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Director: Dave Fleischer
Release Date: January 21, 1938
Stars: Popeye, Olive Oyl, Bluto, Wimpy
Rating: ★★★★½
Review:

Let's Celebrake © Max FleischerIt’s New Year’s Eve, and Popeye and Bluto ride a sleigh to Olive’s house to take her to a New Year’s party at the Happy Hour Club.

However, Popeye hates to see Olive’s granny sitting alone at Olive’s home at New Year’s Eve, and takes her with them. At the club Bluto dances with Olive, while Popeye dances with grandma. When Wimpy, dressed like Santa, announces a dancing contest, Popeye has to enter with the deaf old lady. But with the help of some spinach, the duo clears the floor, literally, in a very long and enjoyable dance scene on some nice swing music, which features an excerpt from ‘Happy Days Are Here Again’.

‘Let’s Celebrake’ is very joyous cartoon, in tune with the New Year’s spirit, and it’s one of those rarer Popeye cartoons in which there’s no conflict between Bluto and Popeye, at all. Even more interesting, Popeye doesn’t eat the spinach himself here, leaving that to grandma.

Watch ‘Let’s Celebrake’ yourself and tell me what you think:

‘Let’s Celebrake’ is available on the French DVD Box Set ‘Popeye the Sailor 1933-1938’

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Director: Friz Freleng
Release Date: March 28, 1942
Stars: Bugs Bunny, Elmer Fudd
Rating: ★★★★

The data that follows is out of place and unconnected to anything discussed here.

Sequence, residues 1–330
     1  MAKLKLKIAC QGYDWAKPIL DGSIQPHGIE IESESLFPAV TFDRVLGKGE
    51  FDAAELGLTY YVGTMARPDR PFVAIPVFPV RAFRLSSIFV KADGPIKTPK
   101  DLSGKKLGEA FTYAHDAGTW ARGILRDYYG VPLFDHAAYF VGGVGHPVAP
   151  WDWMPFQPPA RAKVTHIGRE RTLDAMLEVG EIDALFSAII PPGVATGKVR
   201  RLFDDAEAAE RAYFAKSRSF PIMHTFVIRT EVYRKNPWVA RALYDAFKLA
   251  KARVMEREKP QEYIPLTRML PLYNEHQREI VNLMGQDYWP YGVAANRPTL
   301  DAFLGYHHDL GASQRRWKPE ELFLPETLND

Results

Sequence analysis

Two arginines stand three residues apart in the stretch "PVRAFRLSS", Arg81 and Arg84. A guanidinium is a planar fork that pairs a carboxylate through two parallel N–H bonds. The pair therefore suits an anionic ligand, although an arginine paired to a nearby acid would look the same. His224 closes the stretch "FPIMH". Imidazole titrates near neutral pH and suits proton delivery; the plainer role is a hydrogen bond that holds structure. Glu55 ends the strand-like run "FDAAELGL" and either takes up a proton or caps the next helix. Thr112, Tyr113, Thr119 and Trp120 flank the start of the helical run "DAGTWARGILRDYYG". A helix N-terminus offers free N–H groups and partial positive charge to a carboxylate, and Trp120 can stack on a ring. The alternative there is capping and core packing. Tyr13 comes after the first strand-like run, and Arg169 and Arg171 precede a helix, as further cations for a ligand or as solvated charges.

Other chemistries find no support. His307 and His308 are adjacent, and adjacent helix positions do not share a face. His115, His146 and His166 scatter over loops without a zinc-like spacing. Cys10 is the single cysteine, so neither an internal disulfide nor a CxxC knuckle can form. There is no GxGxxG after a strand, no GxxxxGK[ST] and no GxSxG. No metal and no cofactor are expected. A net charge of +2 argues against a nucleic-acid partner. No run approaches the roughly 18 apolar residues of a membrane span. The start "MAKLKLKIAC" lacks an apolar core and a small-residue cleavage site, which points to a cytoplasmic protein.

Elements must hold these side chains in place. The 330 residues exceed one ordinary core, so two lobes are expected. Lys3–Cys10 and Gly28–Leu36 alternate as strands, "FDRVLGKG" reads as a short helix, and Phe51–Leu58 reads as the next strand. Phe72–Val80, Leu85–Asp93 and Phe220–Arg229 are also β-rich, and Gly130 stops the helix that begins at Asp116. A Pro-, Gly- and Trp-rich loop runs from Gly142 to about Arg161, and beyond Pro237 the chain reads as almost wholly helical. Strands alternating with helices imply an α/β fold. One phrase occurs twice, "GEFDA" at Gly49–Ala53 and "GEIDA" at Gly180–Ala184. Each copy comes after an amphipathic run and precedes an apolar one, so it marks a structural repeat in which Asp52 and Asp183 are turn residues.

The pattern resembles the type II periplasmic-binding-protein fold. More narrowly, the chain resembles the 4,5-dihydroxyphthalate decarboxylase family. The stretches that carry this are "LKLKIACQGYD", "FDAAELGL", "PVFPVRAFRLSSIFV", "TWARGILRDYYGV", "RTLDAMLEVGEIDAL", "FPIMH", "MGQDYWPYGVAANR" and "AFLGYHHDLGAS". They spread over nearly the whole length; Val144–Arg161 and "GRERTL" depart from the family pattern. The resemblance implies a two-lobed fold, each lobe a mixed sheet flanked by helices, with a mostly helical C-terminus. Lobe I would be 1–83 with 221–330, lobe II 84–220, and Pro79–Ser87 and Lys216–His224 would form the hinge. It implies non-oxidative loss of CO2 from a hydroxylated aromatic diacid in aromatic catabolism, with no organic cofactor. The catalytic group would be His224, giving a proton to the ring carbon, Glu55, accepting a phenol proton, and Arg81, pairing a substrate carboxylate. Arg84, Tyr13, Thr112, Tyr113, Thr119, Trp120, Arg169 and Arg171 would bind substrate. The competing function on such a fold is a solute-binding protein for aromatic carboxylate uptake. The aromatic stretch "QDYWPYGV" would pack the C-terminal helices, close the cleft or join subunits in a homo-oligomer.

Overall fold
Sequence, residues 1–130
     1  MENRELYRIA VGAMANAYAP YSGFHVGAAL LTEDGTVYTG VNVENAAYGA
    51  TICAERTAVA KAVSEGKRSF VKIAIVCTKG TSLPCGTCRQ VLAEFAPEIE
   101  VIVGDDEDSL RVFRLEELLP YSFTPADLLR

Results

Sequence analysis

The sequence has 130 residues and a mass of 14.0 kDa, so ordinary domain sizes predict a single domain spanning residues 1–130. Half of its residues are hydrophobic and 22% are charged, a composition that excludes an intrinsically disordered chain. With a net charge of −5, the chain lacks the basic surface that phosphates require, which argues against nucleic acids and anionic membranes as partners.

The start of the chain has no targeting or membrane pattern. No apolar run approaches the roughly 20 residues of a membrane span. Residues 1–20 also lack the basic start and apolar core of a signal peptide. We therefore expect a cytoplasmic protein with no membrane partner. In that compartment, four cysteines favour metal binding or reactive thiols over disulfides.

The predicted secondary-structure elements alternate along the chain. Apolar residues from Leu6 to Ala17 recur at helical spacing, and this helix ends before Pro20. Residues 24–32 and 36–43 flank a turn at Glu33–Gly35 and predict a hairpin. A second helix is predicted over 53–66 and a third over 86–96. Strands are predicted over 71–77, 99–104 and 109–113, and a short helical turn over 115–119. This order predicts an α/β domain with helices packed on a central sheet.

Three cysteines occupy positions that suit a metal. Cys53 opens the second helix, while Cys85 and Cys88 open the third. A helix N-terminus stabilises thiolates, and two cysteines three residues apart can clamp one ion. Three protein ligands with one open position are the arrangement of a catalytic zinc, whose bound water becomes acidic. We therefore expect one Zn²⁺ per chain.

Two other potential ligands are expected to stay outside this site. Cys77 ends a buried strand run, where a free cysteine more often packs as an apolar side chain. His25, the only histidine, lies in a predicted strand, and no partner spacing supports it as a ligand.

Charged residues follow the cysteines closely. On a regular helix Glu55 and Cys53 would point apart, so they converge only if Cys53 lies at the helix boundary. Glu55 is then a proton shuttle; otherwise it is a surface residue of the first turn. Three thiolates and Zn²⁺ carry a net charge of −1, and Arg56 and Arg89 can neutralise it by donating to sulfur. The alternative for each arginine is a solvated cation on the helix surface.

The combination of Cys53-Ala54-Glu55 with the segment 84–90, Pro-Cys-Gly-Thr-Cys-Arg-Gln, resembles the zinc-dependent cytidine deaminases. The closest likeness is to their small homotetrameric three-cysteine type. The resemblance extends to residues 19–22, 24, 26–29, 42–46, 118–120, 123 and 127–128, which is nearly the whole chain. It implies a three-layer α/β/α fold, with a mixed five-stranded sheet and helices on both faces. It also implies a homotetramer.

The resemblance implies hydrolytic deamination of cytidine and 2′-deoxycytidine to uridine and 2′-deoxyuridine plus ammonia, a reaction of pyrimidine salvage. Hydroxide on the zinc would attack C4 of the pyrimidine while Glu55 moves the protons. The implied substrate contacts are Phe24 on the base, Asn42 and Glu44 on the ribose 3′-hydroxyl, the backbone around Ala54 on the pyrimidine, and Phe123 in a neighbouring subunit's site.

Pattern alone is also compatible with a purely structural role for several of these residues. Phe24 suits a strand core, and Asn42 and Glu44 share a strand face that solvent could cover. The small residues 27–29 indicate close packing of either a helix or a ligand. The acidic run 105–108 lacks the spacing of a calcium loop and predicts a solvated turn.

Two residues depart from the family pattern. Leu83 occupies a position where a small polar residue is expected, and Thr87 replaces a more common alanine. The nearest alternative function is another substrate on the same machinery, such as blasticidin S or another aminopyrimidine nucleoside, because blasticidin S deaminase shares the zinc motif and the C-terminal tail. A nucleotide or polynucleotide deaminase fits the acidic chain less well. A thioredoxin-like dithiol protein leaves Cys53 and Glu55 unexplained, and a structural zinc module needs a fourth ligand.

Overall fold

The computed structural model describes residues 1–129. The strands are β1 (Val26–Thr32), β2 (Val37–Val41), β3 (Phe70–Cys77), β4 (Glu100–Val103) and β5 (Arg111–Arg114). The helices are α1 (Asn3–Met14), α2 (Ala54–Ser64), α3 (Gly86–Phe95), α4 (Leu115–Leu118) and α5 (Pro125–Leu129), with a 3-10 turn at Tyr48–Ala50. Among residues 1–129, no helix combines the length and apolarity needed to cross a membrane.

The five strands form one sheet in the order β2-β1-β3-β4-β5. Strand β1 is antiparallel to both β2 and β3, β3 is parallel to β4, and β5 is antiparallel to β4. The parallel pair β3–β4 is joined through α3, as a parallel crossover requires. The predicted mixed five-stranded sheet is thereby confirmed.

Review:

The Wabbit Who Came to Supper © Warner BrothersElmer Fudd will inherit three million dollars from Uncle Louie, if he doesn’t hurt any animal, especially rabbits. Bugs, of course, takes advantage of the situation.

‘The Wabbit Who Came to Supper’ was Friz Freleng’s second Bugs Bunny cartoon, only, but he understood the brassy character completely. The highlight of the cartoon is the scene in which in the middle of a chase a clock chimes and Bugs bursts into a convincing New Year routine… in July. This scene not only shows the fresh character’s overpowering personality, it also shows Bugs Bunny’s ability to produce necessary attributes out of nowhere, this time confetti and streamers.

Bugs’ design, however, is rather unappealing and uncertain in this cartoon. And Elmer Fudd, too, has the less appealing alternate fatty design, which Robert Clampett had introduced in ‘Wabbit Twouble’ (1941). Luckily, this design was short-lived and lasted only four cartoons.

Two years later Hanna and Barbera would use the same plot idea in the Tom and Jerry cartoon ‘Million Dollar Cat’ (1944) with even better results.

Watch ‘The Wabbit Who Came to Supper’ yourself and tell me what you think:

This is Bugs Bunny cartoon No. 8
To the previous Bugs Bunny cartoon: Wabbit Twouble
To the next Bugs Bunny cartoon: The Wacky Wabbit

 

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